Whey Powder Blamed for Salmonella Tied to Ritz Crackers, Goldfish: FDA

News Picture: Whey Powder Blamed for Salmonella Tied to Ritz Crackers, Goldfish: FDA

THURSDAY, July 26, 2018 (HealthDay News) -- Ritz and Goldfish crackers, Swiss Rolls -- they've all been tied to possible salmonella contamination through a common ingredient, dry whey powder, U.S. officials say.

"There are no confirmed illnesses related to these products," commissioner Dr. Scott Gottlieb stressed in a U.S. Food and Drug Administration news release on Thursday. "But we know these products are consumed daily across our country, often by children, which is why we're alerting consumers now."

Gottlieb said, "Our team is onsite investigating the facility that processes the dry whey used in the recalled products and we're working to identify what other companies may have used this ingredient to determine what, if any, food may be contaminated with salmonella."

Minnesota-based Associated Milk Producers Inc. (AMPI) recalled the dry whey powder due to potential salmonella contamination, the FDA said.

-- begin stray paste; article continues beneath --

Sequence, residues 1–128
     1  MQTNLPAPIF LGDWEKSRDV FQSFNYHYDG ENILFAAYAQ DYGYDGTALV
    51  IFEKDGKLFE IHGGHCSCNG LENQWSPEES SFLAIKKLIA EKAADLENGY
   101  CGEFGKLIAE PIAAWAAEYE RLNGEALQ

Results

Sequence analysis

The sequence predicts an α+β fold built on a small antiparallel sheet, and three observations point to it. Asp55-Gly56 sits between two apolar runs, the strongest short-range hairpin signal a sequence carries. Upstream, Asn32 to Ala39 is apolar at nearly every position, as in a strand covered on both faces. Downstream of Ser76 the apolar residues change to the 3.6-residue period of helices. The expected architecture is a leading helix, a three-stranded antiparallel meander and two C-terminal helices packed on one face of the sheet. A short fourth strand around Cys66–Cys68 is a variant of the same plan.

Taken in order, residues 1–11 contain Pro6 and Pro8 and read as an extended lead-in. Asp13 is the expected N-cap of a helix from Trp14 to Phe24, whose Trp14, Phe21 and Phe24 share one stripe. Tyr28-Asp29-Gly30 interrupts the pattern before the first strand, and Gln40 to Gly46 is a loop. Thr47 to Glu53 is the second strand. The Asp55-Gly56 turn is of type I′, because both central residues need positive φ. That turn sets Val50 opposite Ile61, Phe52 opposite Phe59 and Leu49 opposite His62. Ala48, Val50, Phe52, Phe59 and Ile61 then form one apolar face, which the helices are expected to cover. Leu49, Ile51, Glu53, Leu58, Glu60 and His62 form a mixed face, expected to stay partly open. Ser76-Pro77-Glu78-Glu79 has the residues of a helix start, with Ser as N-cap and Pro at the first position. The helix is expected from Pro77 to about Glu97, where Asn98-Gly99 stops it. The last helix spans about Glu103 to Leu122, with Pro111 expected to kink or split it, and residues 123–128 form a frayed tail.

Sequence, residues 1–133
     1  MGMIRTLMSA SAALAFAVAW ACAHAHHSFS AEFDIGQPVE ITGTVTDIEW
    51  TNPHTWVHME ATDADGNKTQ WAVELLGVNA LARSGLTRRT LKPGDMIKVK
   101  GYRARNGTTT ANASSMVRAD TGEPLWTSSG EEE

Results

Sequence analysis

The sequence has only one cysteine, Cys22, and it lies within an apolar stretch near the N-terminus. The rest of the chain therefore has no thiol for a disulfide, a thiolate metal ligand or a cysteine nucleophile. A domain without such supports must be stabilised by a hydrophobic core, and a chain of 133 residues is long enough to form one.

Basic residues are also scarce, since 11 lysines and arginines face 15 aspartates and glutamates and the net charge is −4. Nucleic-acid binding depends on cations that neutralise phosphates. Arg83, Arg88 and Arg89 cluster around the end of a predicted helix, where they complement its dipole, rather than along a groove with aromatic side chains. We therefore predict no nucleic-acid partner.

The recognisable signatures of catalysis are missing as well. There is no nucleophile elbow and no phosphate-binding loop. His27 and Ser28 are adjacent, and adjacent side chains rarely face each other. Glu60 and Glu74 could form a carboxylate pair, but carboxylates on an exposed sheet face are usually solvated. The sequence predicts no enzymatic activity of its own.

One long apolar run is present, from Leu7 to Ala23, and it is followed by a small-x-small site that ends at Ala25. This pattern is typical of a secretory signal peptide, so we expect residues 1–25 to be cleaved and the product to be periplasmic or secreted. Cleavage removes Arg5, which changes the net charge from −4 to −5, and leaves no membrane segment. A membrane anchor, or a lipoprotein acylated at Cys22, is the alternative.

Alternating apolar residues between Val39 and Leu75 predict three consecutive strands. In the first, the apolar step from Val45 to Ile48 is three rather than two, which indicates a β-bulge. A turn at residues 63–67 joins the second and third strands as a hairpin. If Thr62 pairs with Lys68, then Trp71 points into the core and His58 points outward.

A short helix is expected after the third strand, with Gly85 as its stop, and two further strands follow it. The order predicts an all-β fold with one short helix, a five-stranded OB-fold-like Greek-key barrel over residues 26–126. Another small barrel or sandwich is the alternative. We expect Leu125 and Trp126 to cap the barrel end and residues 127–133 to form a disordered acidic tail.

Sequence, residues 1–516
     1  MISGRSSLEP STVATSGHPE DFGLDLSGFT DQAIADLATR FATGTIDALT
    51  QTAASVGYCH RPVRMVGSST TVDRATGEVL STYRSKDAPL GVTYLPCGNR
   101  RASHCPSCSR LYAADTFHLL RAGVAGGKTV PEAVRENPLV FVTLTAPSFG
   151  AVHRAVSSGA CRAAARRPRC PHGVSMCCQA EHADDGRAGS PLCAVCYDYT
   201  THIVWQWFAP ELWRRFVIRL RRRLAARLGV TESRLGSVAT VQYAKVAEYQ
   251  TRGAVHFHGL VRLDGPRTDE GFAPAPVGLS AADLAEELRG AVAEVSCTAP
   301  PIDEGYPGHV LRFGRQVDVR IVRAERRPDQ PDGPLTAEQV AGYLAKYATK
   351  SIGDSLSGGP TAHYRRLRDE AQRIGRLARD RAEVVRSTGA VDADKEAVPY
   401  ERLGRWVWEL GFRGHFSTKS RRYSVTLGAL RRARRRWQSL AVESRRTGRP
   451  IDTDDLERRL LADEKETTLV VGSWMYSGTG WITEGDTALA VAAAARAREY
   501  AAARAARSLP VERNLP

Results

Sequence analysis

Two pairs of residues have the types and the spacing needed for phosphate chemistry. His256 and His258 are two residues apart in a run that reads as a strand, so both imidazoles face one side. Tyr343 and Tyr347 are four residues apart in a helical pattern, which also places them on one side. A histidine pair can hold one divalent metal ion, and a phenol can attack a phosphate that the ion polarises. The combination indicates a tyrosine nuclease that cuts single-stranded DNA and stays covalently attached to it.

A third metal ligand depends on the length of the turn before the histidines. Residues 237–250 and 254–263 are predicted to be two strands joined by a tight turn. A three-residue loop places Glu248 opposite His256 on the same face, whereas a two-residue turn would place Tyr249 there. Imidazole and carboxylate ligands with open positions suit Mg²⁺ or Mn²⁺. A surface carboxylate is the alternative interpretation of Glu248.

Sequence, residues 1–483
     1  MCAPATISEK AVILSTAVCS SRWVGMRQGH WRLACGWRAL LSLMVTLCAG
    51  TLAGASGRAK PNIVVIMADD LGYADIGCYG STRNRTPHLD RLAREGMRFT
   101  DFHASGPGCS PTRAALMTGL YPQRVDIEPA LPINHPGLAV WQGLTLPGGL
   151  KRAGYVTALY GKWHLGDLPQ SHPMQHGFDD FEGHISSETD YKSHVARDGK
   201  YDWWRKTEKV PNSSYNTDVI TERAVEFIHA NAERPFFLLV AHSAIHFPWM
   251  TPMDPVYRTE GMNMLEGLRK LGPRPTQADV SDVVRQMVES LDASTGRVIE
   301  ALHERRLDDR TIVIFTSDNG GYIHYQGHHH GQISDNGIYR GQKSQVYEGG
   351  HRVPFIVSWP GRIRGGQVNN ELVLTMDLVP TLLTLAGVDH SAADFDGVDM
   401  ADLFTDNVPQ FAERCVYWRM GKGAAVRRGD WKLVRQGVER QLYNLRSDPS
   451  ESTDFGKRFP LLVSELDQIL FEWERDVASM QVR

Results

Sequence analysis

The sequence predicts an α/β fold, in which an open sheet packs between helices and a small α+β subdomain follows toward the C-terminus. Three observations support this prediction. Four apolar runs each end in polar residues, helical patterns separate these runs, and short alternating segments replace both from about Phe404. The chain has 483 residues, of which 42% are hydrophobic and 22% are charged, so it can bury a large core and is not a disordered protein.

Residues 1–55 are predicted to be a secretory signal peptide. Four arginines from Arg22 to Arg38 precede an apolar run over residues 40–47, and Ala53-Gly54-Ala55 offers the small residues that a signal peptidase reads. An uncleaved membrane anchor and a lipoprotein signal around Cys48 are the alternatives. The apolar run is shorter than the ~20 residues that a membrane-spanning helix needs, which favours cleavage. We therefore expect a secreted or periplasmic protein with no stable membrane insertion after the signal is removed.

Mondelez International Inc., Pepperidge Farm Inc. and Flowers Foods Inc. have already recalled Ritz cheese sandwiches and Ritz Bits cheese products, Goldfish crackers, and various brands of Swiss Rolls, respectively, because they contained the suspect whey powder.

There may be additional recalls of other food products in coming days as the investigation uncovers other companies that may have used AMPI's whey powder, Gottlieb warned.

Salmonella typically causes illness 12 to 72 hours after exposure. Illness usually lasts four to seven days, and most people recover without treatment, according to the FDA.

Gottlieb stressed that there's been no surge in food recalls, despite the recent activity.

"Lately there have been many questions about whether we're experiencing an uptick in food-related recalls. I can understand why it might appear that way, as we've increased our communications around food recalls and potential risks to food products," he said.

"But we are not seeing an increase in the number or scope of recalls," Gottlieb explained. "Our tools for detecting them are much better, and our policies for how and when we alert the public lean in the direction of more and earlier communication," he added.

-- Robert Preidt

MedicalNews
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SOURCE: U.S. Food and Drug Administration, news release, July 26, 2018

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